Boy, 9, dies from carbon monoxide poisoning on boating holiday

A grieving mum has shared the heartbreaking story of her son’s death on a family holiday in the hope the tragedy will warn other parents about the dangers of boat trips.

Cassandra Free’s youngest son Andrew, 9, died while the family were enjoying a day of water sports on their motorboat at Lake Eufaula in the US state of Oklahoma.

It was initially thought the little boy had drowned after he fell from the Malibu Skier boat into the water, with emergency crews unable to revive him.

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But his devastated family has since learnt Andrew had been fatally poisoned by carbon monoxide from the boat’s exhaust.

A post-mortem into Andrew’s June 8 death found the boy, who was a strong swimmer, had a blood level of 72 per cent carboxyhemoglobin, which severely restricted the flow of oxygen to his brain.

Carbon monoxide has a reputation as a silent killer as it is odourless, colourless and lethal in high doses.

In a heartbreaking post on Facebook, Ms Free said she had no idea her three children were at risk of open-air carbon monoxide poisoning, saying Andrew was “slowly dying and we didn’t even know it”.

“Boats, even moving, create a backdraft of exhaust. That’s right. Exactly what I’ve typed: carbon monoxide exits the rear of the boat and drafts right back into the back of the boat,” Ms Free wrote, adding back seat riders like Andrew were especially vulnerable during long periods of the boat moving at low speeds.

“I didn’t know this. No one I know knew this. It’s called open-air carbon monoxide poisoning.

“Our little Andy, our dude, was probably slowly dying that afternoon/evening and we didn’t know it.

“He would’ve been tired. His head would’ve started to hurt. Sounds like too much sun after a long, physically draining day of wakeboarding, wake surfing and tubing.”

Ms Free said she has now learnt that as the day progressed, Andrew’s brain was being starved of oxygen – but tragically, no one had any idea at the time.

“Andrew crawled up onto the back edge of the boat while we were packing up at the dock and became unconscious and unaware of his impending death. We had no idea anything unusual was taking place,” she said.

“Had he not fallen over, had he made it into the car, even if he wouldn’t have passed at the lake, he would’ve been so severely brain-damaged that he likely would’ve passed away in his sleep on the way home.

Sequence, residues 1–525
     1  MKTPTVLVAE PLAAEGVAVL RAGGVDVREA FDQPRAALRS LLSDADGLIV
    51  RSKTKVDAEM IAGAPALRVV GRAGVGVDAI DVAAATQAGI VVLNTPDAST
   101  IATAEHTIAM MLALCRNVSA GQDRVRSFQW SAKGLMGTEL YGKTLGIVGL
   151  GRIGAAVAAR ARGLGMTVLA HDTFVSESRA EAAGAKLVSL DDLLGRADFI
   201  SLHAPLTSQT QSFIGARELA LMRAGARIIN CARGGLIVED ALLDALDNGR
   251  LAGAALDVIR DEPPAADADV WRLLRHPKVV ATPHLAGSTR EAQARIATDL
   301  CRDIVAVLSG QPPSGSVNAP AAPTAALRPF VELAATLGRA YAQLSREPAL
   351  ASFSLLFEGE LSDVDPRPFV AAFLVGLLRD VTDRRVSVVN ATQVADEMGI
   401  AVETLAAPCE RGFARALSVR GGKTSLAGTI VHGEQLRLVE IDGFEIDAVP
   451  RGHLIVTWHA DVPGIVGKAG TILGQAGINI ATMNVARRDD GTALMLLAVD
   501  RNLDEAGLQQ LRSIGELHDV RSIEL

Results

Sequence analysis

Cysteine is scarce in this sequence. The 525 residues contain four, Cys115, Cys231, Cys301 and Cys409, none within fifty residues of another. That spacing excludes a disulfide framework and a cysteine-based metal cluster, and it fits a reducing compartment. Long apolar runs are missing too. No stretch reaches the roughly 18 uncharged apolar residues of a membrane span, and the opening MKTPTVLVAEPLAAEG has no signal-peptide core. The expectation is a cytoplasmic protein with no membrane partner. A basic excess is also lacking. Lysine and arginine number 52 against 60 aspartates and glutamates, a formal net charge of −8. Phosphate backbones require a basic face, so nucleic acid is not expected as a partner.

“Even if he would’ve gone immediately to the ER at that time, he still would’ve died. No medicine could’ve saved him at his levels. There was nothing that could’ve been done at this point.”

She added: “I’ve been assured that my baby was so far gone that he did not cry out for me in his mind as he died. He went to sleep and that was it.”

Ms Free said Andrew may have been more vulnerable to the carbon monoxide than his two older brothers, who were bigger than him and moving around more on the boat through the day.

However, both older boys were also treated in hospital for acute carbon monoxide poisoning the day Andrew died.

“We could’ve lost all three of our children that night,” Ms Free said.

Ms Free wants other parents to understand of the risk of carbon monoxide backdraft on motor boats.

“People need to understand, we are experienced boaters,” she told NBC’s Today.

“My husband has almost 40 years and I have been boating for almost 25 years. We had a friend with us, she had been boating another 30 or so years.

“None of us had ever heard of it. None of us had considered it.

“It’s not common knowledge and we are going to have to be more proactive in sharing these stories,” she said.

“Somebody is going to have to take a closer look at boat emissions. We post road signs to let people know there might be falling rocks or a sharp curve. But there are no signs to tell people to turn off their boats or warn people of the danger of carbon monoxide.”

In 2017, a NSW coroner called for mandatory carbon monoxide alarms in vessels with sealable cabins after a Nicholas Banfield, a 23-year-old experienced boater, died from accidental carbon monoxide poisoning on his yacht in Sydney Harbour.

Mr Banfield’s death in July 2016 followed a series of other maritime deaths associated with accidental carbon monoxide poisoning. is an Australian news and entertainment website owned by News Corp Australia. It had 9.6 million unique readers in April 2019 and specialises in breaking national and international news as well as entertainment, sport, lifestyle, travel, technology and finance.

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